Study of Philippians

With all the extended time at home several have mentioned that they’ve already completed their entire planned year of Bible readings. That’s great! If you recall, we have several “plans” for reading through the Bible. If you need another one to get you through the rest of the year, just let me know and I’ll be happy to get it to you!

Philippians

When we look back on our lives, we see both good times and bad ones. But we certainly know which times we prefer to recall, don’t we? There is always something exceptionally precious about good memories, good friends and good things.

Can you imagine how Paul felt about the church at Philippi compared to those “problem children” congregations like Corinth? Oh, I’m certain he loved the struggling congregations that he helped and loved them very dearly, but there’s just something extra precious about a congregation that just plain extrudes love and encouragement.

That is not to imply that good congregations don’t struggle. We all do! But it means that when we accentuate the positive and try harder to actually DO all things God’s way, that we bless not only ourselves, but others richly!

So for the next few lessons we are going to take a closer look at the church of Christ in Philippi and see a few lessons that we can learn from them.

The Whole Praetorian Guard

To begin, let’s first look at some basic things about the letter, the city and the church. Paul writes this letter from a prison (Philippians 1:13) and is known by the whole praetorian guard. While the term praetorian guard was used for the guard of a governor’s palace, like in Caesarea Maritima where he spent a couple of years, it is far more commonly used of the guard in Rome itself. Then, when in Philippians 4:22 Paul sends greetings from Caesar’s household, it becomes virtually certain that the prison is in Rome.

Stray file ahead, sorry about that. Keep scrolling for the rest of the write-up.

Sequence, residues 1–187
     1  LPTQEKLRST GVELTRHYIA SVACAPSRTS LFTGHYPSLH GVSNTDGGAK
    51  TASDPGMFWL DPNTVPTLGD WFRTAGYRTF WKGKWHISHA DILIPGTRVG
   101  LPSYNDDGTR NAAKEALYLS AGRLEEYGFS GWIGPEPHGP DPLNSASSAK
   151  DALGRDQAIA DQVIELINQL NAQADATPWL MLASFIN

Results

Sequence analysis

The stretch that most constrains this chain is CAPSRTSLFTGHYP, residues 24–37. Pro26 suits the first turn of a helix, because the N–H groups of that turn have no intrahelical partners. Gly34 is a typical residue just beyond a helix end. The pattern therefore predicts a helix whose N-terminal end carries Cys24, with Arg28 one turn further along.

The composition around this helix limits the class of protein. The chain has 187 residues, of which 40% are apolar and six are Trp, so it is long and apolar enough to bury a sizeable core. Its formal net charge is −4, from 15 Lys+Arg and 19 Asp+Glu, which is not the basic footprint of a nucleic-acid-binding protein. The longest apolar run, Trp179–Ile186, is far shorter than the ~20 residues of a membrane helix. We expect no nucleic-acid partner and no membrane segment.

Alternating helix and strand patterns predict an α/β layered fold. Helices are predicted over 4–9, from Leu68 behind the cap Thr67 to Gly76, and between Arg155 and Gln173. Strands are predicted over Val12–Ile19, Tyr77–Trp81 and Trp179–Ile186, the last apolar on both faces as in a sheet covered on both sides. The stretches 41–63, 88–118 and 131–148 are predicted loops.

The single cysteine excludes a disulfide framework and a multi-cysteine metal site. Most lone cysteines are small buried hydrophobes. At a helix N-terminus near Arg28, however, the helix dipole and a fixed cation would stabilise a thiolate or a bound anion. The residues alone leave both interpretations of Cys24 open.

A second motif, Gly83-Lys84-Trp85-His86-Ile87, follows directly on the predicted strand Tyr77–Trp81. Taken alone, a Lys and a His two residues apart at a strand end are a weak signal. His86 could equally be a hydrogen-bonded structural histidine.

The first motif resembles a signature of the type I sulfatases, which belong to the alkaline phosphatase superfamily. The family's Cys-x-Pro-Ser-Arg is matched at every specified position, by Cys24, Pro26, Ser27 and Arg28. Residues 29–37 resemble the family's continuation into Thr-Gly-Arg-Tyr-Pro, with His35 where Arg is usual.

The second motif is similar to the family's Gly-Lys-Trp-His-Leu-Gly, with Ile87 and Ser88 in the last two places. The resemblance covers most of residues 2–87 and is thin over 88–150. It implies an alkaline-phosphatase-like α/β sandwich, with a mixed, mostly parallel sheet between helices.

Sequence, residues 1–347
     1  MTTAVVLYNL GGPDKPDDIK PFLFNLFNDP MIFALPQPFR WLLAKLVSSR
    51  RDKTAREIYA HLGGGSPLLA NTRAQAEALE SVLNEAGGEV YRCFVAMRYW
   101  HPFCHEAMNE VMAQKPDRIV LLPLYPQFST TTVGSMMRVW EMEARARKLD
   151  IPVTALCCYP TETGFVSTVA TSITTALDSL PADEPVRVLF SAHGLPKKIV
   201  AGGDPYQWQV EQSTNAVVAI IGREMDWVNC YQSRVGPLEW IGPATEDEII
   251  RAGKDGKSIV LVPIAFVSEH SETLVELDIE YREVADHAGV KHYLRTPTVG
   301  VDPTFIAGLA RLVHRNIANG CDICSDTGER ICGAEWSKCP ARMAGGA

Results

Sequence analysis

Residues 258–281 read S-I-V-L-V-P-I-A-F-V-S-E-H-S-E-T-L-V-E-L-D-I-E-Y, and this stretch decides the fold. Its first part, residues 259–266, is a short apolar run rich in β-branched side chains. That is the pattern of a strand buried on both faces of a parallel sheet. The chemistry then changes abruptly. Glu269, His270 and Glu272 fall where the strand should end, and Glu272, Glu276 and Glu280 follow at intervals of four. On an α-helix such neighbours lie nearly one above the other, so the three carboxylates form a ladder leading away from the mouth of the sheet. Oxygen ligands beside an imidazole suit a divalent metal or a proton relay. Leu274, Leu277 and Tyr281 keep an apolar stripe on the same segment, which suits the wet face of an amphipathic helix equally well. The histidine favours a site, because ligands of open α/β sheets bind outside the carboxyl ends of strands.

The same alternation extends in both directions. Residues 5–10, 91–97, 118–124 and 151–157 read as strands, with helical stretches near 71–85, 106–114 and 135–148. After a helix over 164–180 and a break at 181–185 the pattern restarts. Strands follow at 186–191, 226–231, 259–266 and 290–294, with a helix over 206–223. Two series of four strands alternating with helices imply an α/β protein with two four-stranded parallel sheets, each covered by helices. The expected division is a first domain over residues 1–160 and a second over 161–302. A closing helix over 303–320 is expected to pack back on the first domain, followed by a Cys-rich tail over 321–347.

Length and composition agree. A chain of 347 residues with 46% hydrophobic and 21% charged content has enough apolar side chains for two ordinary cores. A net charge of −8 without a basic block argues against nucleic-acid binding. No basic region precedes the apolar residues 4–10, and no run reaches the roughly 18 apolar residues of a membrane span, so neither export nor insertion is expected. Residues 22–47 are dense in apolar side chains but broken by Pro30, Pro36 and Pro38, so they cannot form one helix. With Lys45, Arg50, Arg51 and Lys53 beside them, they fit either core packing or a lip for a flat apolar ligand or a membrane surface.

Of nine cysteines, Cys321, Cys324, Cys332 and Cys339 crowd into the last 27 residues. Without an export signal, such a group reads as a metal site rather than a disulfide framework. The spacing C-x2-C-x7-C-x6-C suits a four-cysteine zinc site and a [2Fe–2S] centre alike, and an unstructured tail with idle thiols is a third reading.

Given the lighter, more hopeful tone of the letter in contrast to 2 Timothy, it thus seems certain that this letter is written during Paul’s first imprisonment in Rome between AD 60 and 62. That tells us a few important things to help appreciate Paul’s words.

On Paul’s second missionary journey he had a vision requesting the Gospel be preached in Macedonia (Acts 16:9-10). In response, Paul travels to Philippi and, in about AD 50 plants the Lord’s church there. Although the vision Paul had was a “man” calling him to Macedonia, the first Christians there were women, Lydia and her household (Acts 16:12- 15). The church there continued to grow to include the retired Roman soldier and official jail keeper of the city.

Mix of Jews and Romans

This congregation, a mix of male and female, Jew and Roman, represents the best of Christ’s people here on earth. Saints of different backgrounds faithfully blending into a Christian family.

Philippi was a proud city with a noteworthy military history. It had been the capital of Alexander the Great, who’d renamed it for his father Philip of Macedon. When captured by the Romans it was repopulated with soldiers and flourished as an official Roman colony continuing that long, proud military and political record. That would lead Paul to comment on these very things as representations of the church.

For some 10 years, the church in Philippi has continued to be faithful and grow, evidently in both number and in spirit. A part of their work has been the ongoing support of Paul and his mission work. They are to be commended, not only for their loyalty to Christ but to those Christian workers, for they were highly regarded by Paul for their generosity.